What A Dentist Can Do When One Of Your Child's Permanent Teeth Didn't Develop

Teeth emerge from the gums, grow vertically (ideally, anyway), and eventually reach their full size. This natural process has a rather dramatic name, which is "eruption." Teeth don't in fact grow—they erupt. Or at least, they should. Some young adults might find that an isolated tooth has failed to erupt; it formed, but remained submerged in the gums. If one of your child's teeth refused to erupt, what can a dentist do to help?

Old News

Chances are that you, your child, and your family dentist are fully aware of the unerupted tooth. Further investigation would have been performed when the tooth remained conspicuously absent, despite the loss of the baby tooth in the same position. In rare cases, an unerupted tooth can be left where it is (with regular monitoring). Some patients may be able to have their tooth coaxed into erupting with orthodontic treatment. However, many patients will eventually require a tooth extraction.

Multiple Potential Problems

Tooth extractions for unerupted teeth become necessary when the tooth begins to endanger neighbouring teeth—or when it's suspected that this will soon become an issue. The irregular position of unerupted teeth can lead to multiple potential problems. A cyst may develop next to the submerged tooth, and the whole tooth can become a focal point for infections.

Neighbouring Teeth

The presence of an infection means an unerupted tooth can be quite painful, which won't be fully alleviated until the tooth is extracted. Depending on the angle of the tooth, it may be pressing against the roots of neighbouring teeth. This can dissolve these roots (a process called root resorption), which can weaken the teeth.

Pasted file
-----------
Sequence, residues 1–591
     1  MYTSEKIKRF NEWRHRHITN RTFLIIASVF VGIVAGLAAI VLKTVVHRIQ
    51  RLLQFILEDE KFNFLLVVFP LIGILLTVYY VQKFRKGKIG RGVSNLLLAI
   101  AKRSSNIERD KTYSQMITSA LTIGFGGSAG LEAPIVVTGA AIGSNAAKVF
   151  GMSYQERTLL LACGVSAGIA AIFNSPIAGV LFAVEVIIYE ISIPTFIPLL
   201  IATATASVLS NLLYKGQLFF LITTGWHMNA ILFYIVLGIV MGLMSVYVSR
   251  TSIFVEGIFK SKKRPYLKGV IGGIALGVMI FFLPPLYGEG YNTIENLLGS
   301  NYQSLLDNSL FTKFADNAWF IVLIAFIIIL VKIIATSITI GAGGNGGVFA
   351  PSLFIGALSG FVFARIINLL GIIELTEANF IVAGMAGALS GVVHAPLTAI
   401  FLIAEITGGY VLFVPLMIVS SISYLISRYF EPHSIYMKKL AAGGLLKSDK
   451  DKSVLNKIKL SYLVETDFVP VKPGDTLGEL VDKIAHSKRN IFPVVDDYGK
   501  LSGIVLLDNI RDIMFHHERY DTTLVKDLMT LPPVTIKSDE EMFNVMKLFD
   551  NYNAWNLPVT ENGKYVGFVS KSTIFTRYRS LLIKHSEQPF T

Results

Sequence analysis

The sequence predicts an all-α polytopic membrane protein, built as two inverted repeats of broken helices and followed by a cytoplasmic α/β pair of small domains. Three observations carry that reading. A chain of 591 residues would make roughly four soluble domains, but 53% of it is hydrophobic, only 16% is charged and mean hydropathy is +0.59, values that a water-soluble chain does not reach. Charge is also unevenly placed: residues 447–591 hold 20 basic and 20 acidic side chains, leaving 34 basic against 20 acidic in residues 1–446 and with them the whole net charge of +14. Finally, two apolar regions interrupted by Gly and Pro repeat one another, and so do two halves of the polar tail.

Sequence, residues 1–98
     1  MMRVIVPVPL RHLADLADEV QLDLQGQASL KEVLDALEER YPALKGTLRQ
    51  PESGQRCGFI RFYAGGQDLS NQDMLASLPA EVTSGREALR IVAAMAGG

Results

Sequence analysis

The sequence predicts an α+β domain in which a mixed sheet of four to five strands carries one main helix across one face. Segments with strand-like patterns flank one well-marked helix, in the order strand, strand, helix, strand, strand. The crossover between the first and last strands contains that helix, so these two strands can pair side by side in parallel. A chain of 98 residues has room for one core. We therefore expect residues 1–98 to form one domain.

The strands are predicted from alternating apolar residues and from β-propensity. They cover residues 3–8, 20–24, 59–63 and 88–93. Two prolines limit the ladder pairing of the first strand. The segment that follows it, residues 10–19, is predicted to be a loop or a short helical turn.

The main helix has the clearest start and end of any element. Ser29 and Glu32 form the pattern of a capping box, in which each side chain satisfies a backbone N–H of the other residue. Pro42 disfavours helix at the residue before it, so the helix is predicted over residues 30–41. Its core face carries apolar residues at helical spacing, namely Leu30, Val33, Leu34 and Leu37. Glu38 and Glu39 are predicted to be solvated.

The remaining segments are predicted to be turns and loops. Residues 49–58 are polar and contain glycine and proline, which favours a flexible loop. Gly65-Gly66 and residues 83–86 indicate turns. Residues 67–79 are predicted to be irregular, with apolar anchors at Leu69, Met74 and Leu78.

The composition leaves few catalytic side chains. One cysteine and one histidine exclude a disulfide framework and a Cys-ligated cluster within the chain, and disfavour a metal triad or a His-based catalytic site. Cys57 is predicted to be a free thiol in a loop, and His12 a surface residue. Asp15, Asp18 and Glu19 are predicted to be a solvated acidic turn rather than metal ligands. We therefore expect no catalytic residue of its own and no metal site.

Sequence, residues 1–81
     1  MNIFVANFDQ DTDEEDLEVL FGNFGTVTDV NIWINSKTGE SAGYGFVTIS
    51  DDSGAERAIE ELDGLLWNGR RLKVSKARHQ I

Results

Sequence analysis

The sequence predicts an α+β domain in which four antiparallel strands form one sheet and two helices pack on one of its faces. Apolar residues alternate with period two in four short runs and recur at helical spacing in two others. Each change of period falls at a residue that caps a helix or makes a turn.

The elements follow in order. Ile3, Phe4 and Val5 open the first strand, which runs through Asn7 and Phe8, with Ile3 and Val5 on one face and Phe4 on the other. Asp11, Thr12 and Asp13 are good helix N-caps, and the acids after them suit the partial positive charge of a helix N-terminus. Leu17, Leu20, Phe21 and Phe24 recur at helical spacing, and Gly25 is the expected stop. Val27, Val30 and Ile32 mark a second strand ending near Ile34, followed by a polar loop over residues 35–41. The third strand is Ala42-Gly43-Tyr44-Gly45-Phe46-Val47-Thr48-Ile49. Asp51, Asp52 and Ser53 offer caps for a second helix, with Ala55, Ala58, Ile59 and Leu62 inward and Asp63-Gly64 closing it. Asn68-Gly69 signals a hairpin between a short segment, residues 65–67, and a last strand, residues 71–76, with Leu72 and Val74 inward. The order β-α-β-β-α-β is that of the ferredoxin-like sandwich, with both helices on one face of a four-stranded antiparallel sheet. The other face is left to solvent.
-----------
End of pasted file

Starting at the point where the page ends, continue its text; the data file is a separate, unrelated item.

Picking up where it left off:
Planning for Extraction

A dentist will take a close look at the tooth with an x-ray, noting its precise position, its size, its angle, and its root system (whether it has a standard layout, or its roots are fused). This allows a dentist to plan the tooth extraction. An incision will be made in your child's gums, and the tooth will be excavated, and then removed. Your child will be given appropriate pain relief, and sedation is possible for especially anxious patients. 


Once the extraction site has healed, you can begin to discuss replacement options with your family dentist. If the tooth was to the side of the dental arch, your dentist might refer your child to an orthodontist—as braces can be used to reposition the teeth on either side of the gap to actually close the gap. A temporary prosthesis (partial dentures, or a dental bridge) is another option, and when your child's jaw has reached full size, a permanent dental implant can be fitted.

An unerupted tooth has the capacity to cause major damage. If one of your child's teeth failed to erupt, be prepared for the fact that one day extraction is likely to be needed.